Suitably fortified, we set off again up to the Volcanic Observatory high on the hills overlooking the first of the devastating pyroclastic flows. The observatory was closed, it being Saturday but I'm sure that's OK as the Montserrat volcano always erupts on a Thursday so they can afford some downtime at the weekend. We looked out at the forest-covered hills and the ugly grey scar cutting through them. Directly below us, an old guy burned the coarse grass in his tiny field so he could plant more vegetables to go with the ones he was already growing nearby. Last year, all the plants in this whole area were killed by ash but, as it's so fertile, it all grows straight back again. Still, farming here must take more than the usual amount of optimism.

We drove down and then out onto the pyroclastic flow itself. It was like driving onto the moon. The avalanche of ash, boulders and steam had followed the course of a river right down into the sea, burying everything in the valley under 50 feet of debris. Nothing grew on it here as it's so unstable that the water just washed the plants away. We drove to a ruined building with only the top of its three stories showing above the rubble. A few vines struggled to grow up it and we spent a while getting some footage of Andrea as Janeway walking around it. A bit further on, we filmed some dead, ash covered trees. The contrast between the dead river valley and the surrounding forest-covered hills was unsettling.

Sam promised us an amazing view from the top of the nearby Garibaldi hill and that was no lie. To the left, the volcano itself was clear of cloud but was busy making its own pall of steam. We could actually smell the sulphur and we were about 8 miles away. Sweeping down from the top, all the way to the sea about 6 miles away was a blanket of ash. Everything was grey. In amongst it we could see the tops of buildings and the whole city of Plymouth lies buried there. We could see the old line of the coast and, about half a mile further out, the new line where the ash has made new land. The remains of the deep-water port, the University, the hospital - it's all under there. Sam owned a house in the devastated area which he wasn't allowed to visit. He's had to start all over again and build himself a new one in the North of the island. It was breathtaking looking out on so much destruction and moving to imagine the local people who had grown up down there in places that now no longer exist.

We headed back down to the flow which we'd crossed earlier and found another buried building, this one an old sugar plantation house with just the tops of its upper storey windows showing, the shutters still half open and locked there by the ash. A huge Iguana lumbered over the roof and into some scrub nearby. It was a perfect filming location. From there, we drove down to where the flow entered the sea. As we did, we drove over the site of the golf course, the beach, a marina and leisure complex. Occasional bits of construction poked up through the dust. By now, we were all getting pretty parched so we called into a local bar on the way back home. Outside, Sam's friends played Dominoes with drama and panache, slapping the bricks down onto the wooden board with loud cracks.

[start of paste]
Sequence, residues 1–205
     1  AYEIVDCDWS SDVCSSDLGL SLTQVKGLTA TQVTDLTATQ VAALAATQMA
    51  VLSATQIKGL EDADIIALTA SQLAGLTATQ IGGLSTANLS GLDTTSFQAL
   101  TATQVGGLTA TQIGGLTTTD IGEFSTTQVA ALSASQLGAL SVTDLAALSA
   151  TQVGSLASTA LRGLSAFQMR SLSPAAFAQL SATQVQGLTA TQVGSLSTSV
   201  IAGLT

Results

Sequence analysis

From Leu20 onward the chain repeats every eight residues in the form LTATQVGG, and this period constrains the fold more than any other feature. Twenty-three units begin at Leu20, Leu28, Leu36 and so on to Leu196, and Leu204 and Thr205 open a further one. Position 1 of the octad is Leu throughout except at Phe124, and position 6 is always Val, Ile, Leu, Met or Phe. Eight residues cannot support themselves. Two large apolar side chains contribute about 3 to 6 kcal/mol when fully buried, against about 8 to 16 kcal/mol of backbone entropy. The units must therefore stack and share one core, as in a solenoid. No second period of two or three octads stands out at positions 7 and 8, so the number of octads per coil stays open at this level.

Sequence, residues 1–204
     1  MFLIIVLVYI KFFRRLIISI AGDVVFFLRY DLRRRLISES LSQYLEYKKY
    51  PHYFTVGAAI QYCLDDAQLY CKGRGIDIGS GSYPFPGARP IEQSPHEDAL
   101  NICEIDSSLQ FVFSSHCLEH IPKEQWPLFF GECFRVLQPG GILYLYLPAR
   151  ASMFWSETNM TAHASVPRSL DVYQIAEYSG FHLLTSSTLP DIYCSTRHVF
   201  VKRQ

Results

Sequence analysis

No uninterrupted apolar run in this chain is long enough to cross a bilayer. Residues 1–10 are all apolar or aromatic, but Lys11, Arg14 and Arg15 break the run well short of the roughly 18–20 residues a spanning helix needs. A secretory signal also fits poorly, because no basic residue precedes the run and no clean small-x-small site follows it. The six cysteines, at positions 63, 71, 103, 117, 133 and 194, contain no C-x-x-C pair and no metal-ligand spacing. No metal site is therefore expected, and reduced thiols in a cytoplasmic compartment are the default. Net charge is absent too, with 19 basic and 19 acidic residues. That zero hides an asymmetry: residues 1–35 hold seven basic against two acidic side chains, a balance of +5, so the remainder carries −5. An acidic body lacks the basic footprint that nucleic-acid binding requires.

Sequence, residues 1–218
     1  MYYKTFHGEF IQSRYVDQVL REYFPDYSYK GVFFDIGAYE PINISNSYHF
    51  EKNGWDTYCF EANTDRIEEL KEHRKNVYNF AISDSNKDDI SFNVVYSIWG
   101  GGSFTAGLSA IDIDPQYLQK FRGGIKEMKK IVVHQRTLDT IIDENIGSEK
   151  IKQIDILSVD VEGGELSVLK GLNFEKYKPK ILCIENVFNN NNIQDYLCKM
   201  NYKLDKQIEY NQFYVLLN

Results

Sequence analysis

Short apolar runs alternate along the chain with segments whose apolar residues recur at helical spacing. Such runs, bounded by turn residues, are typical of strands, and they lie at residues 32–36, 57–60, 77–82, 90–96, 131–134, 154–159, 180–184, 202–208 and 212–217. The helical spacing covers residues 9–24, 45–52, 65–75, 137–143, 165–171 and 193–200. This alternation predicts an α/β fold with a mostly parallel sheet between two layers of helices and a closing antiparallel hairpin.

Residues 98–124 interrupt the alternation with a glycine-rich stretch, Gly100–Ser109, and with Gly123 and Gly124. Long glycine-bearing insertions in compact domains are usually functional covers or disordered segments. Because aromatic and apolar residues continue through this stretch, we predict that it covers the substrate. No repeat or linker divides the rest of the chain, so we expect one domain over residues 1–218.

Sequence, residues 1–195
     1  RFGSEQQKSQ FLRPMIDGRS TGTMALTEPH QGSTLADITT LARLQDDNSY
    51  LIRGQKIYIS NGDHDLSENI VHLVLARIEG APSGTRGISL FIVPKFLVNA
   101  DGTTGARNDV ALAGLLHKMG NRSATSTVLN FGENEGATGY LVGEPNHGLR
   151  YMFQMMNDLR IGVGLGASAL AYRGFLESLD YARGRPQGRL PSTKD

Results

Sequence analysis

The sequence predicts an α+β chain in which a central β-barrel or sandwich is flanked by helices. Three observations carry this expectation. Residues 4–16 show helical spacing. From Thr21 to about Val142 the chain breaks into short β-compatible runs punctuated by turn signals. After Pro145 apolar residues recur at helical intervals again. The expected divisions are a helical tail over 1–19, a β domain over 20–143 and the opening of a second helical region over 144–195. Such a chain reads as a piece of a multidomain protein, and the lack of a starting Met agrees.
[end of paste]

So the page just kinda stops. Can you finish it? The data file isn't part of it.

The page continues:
From there, we headed back to Little Bay, the location of the only port now that the others are buried. Before the eruption, Little Bay was just a beach but it's now the island's main link to the outside world. Sam dropped us off and I'm sorry to say that we didn't seem to see eye to eye about how much I paid him for his services. I thought I paid a fair amount - over twice what I'd paid for a similar tour around Nevis - but he seemed to think I should have paid more. Shame that as it left me feeling like I'd been a bit mean but I really don't think I have. Andrea thought I paid the correct amount but that we should have been clearer before we set off. Hey ho.

We tendered back around to Saxon Blue, sitting calmly right where we'd left her. We all went for a swim to cool off but the water wasn't as clear as other places and I didn't see any good fish. Just before dinner, Kali and I retrieved our kedge anchor so we're now lying much as we did last night although the swell seems to have died down a little. Still, I'd rather be rolled from side to side than slapped up the bum. We didn't intend to come down to Montserrat when we drew up our itinerary last week. It just seemed to make the voyage to Antigua a bit more favourable with the wind. In the end, it's been one of the most fascinating islands to visit. The volcano is stunning and frightening but the most impressive thing for me is the way that everyone is just getting on with rebuilding their lives. The old guy in his field is the first person I've seen trying to actually grow anything - and he's not even guaranteed that he'll harvest it before the next cloud of ash kills everything. The resilience of the human spirit and all that. Perhaps some of the other islands could do with a proper disaster to get everyone galvanised and help them look to the future instead of constantly back into the past.